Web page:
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how much alcohol is in non alcoholic heineken

how much alcohol is in non alcoholic heineken

how much alcohol is in non alcoholic heineken

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how much alcohol is in non alcoholic heineken
how much alcohol is in non alcoholic heineken

Is Heineken 0.0 alcohol free and non alcoholic heineken?

While it has no alcohol and just 69 calories, Heineken 0.0 looks like beer, and even better, it.

Does Heineken 0.0 have alcohol?

Heineken 0.0 truly has 0% alcohol, a perk for anyone who is avoiding even small quantities of alcohol.

Can you drink Heineken 0.0 and drive?

Nonalcoholic beers are legal to drink while driving as long as the alcohol content is below the level defined by law. … Nonalcoholic beer cans have a similar appearance to regular beer cans. The likelihood that you could be reported and stopped by an officer becomes a reality even though your actions may be legal.

Fun fact

Fun fact: Some of them still have alcohol in them.

On a warm night recently, my boyfriend and I were seated on a restaurant’s patio, and he ordered a beer. “Jerk,” I muttered.

He looked at me, surprised. I sometimes jokingly lament his ability (or, rather, my lack of ability) to drink hard alcohol, but never beer. Beer was just never that important to me. I’d drink it, of course — that’s how alcoholism works — but it made me feel full faster than it made me drunk, thus it wasn’t very efficient for my purposes.

Which is why I was just as surprised as he was by what came out of my mouth.

Usually, he just laughs when I give him crap about the booze he can drink that I can’t; he understands where it comes from, and that I’m not really mad. This night, however, because it was about beer, he looked at me concerned.

“You OK?”

For as long as I’ve been sober, I’ve been told that nonalcoholic beer is a bad idea.

“Near beer” — a phrase that makes me nails-on-a-chalkboard cringe for reasons I don’t totally understand — is triggering to people in recovery, I was told.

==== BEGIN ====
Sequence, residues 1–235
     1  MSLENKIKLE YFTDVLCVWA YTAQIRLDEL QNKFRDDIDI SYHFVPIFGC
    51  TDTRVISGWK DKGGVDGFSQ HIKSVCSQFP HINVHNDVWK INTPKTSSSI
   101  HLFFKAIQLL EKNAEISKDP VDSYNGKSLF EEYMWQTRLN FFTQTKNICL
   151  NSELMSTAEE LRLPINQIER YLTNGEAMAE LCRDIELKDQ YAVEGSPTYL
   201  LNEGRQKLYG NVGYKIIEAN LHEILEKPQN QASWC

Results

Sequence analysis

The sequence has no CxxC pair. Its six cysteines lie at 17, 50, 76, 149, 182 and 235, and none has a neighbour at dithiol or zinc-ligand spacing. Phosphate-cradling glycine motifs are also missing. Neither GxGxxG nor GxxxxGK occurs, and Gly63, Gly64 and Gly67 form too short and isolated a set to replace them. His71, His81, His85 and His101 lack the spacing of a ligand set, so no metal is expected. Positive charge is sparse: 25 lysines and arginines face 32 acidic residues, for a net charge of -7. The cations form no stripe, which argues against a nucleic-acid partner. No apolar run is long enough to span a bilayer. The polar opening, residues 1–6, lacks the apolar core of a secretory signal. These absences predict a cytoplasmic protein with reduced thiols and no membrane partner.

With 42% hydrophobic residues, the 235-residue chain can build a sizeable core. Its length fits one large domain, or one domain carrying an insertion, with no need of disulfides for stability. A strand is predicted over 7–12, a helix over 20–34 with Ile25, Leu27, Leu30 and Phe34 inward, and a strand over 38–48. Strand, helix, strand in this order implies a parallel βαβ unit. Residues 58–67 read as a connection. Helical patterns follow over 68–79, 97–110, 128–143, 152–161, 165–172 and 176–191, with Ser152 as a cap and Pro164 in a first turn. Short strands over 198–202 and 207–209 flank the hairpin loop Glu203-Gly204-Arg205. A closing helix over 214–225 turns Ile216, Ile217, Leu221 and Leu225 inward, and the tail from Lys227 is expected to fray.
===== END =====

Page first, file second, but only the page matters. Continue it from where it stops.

The argument is that drinking something with the look and taste of actual beer will make the person want the real stuff.

That may well be true. If you’re in recovery and beer was your jam, you’d probably want to think very carefully about popping open a nonalcoholic beer.

A love for real beer isn’t what’s kept me away for so long, though. It’s the fact that most nonalcoholic beers actually aren’t alcohol-free.

In the United States, anything that’s less than 0.5 percent alcohol by volume (ABV) can be labeled “non-alcoholic.” And to be fair, you’d have a hard time getting even a slight buzz off a beer that’s 0.4 percent ABV. (Most regular beer has an alcohol content of around 5 percent ABV.)

But as someone who was so severely addicted to alcohol that some mornings I drank cough syrup or mouthwash just to get my hands to stop shaking, I don’t mess around with even small amounts of alcohol.

I’ve been sober for 11 years. It wasn’t until last year that I was willing to try kombucha, which also has trace amounts of alcohol. (Even then, I only tried it in an effort to get some good bacteria in my wonky stomach.)

I don’t think it’s inherently bad for recovering alcoholics to drink nonalcoholic beer.

It’s just never been something I’m comfortable with for myself… drumroll please… until now!

That’s because, finally, I can partake: Brands like Heineken and Budweiser have started producing alcohol-free beer. Not “a little alcoholic” beer, but genuinely 100 percent alcohol-free beer.

As much I know we live in a society obsessed with alcohol and there’s nothing wrong with not drinking, it kinda sucks to feel like the odd person out, holding your glass of tap water in a group of drinkers.

I know I need to be sober, and I’m proud of my sobriety. But no one likes feeling like the odd one out in a group.

Plus, when tap water and Diet Coke are the only nonalcoholic beverages at an event (which, trust me, is very often the case), it’s just nice to have one more option.

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